Evan Vucci / AP

Last week, Governor Mary Fallin of Oklahoma admitted that her state had misled the United States Supreme Court.

In a brief statement issued hours before the scheduled execution of Richard Glossip, Fallin said that she was granting him a 37-day stay “due to the Department of Corrections having received potassium acetate as drug number three for the three-drug protocol.” The state last spring assured the Supreme Court that it stood ready to execute Glossip with a three-drug cocktail consisting of “midazolam, followed by vecuronium or recuronium bromide, then potassium chloride” a different drug with different effects. Glossip had challenged his planned execution on the grounds that the use of midazolam, a sedative, might not render him unconscious before the other two drugs are administered. That, he said, would make the execution “cruel and unusual” punishment, in violation of the Eighth Amendment. “Oklahoma’s lethal injection protocol is not cruel and unusual,” the state argued, “but rather the most humane form of execution available to the State.”

A five-justice majority upheld the three-drug protocol Oklahoma said it was going to use. “We are not persuaded,” that the drugs at issue were likely to cause enough pain to render the execution “cruel and unusual,” Justice Samuel Alito wrote for the majority. After all, “12 other executions have been conducted using the three-drug protocol at issue here, and those appear to have been conducted without any significant problems.”

Or maybe not so much. When the state told the Court about its “humane” procedures, it didn’t even know what three drugs it had on hand. Shortly before Glossip’s scheduled execution, in fact, Fallin learned that an autopsy showed Oklahoma had already used the wrong drug to execute another condemned inmate, Charles Warner, in January. Warner was originally a petitioner in Glossip’s case. The Supreme Court denied him a stay, then accepted the case after Warner had been killed.

Justice Stephen Breyer, in a separate opinion for himself and Justice Ruth Bader Ginsburg, announced in Glossip that, in his view, the death penalty could no longer be administered fairly, and thus was unconstitutional. That didn’t sit well with Justice Antonin Scalia, who wrote in a separate opinion that Breyer’s “argument is full of internal contradictions and (it must be said) gobbledy-gook.”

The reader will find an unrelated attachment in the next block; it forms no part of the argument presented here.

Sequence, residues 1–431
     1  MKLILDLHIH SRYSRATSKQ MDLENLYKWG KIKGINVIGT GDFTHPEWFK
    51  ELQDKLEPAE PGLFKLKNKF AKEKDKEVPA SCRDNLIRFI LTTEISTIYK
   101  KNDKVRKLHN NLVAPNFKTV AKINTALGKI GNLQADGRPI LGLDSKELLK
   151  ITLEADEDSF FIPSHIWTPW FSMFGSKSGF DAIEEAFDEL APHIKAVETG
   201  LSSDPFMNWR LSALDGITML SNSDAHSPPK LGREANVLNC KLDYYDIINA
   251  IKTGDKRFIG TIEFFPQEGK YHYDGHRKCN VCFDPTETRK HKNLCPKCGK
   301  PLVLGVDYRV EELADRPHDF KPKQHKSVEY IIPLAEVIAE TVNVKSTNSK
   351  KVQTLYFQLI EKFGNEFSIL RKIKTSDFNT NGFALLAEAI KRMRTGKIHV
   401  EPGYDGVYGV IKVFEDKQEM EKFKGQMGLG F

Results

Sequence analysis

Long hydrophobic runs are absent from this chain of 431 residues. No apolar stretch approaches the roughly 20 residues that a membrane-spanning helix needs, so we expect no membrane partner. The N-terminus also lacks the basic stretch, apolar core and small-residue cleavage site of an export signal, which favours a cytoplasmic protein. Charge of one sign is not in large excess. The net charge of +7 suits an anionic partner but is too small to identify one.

A week after Fallin’s revelation, the Court heard the first of the four death-penalty cases it has granted this term. The hard feelings in Glossip have apparently not healed.

Kansas v. Gleason and Kansas v. Carr challenge Kansas trial judges’ instructions to two juries mulling death sentences for murderers. Under existing precedent, the jury is supposed to consider a statutory set of “aggravating factors,” which the prosecution must prove beyond a reasonable doubt. The defendant may ask the jury to consider “mitigating factors” (such as a defendant’s limited mental capacity or history of mental illness, a past history of abuse, or anything else—including the desirability of mercy—that his lawyers can think of). Unlike the prosecution, the defendant doesn’t have to prove that these factors exist “beyond a reasonable doubt,” and the jurors don’t have to find them unanimously.

Many states, and the federal government, explain these different burdens to the jury; but the courts in Gleason and Carr did not. Since those decisions, Kansas has changed the “pattern instructions” used by its judges; the Kansas Supreme Court ordered the two courts to go back and resentence the defendants using these instructions, because, it said, the instructions used might convince jurors that the defendant also had a “reasonable doubt” burden.